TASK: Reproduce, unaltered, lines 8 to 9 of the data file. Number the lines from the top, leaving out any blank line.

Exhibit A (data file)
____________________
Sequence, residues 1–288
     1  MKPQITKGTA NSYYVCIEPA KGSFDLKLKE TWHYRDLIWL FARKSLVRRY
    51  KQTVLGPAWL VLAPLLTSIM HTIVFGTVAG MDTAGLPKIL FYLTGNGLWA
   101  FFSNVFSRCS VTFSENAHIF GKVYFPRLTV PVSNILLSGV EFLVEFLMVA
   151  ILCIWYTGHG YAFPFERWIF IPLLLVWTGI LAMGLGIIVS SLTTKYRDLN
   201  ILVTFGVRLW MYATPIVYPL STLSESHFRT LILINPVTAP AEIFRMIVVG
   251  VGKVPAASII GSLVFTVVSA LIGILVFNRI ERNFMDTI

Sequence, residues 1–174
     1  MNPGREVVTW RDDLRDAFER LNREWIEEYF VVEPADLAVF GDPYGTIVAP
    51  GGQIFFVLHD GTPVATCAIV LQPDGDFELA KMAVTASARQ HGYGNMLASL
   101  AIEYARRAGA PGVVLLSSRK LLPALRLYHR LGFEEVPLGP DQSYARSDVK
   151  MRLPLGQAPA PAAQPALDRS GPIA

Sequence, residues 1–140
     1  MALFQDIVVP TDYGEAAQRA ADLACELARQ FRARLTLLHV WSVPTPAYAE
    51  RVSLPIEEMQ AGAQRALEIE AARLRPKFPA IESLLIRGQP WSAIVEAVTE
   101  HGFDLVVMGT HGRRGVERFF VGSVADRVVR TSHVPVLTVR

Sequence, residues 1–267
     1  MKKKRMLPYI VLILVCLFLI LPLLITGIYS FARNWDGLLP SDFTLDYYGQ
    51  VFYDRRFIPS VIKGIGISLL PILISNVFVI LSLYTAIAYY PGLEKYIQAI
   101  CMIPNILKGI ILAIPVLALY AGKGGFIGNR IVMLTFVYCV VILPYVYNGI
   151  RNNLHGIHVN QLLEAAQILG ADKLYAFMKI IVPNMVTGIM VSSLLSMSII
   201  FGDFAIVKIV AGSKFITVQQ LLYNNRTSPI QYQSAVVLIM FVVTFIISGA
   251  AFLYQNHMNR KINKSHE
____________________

Sequence, residues 1–174
     1  MNPGREVVTW RDDLRDAFER LNREWIEEYF VVEPADLAVF GDPYGTIVAP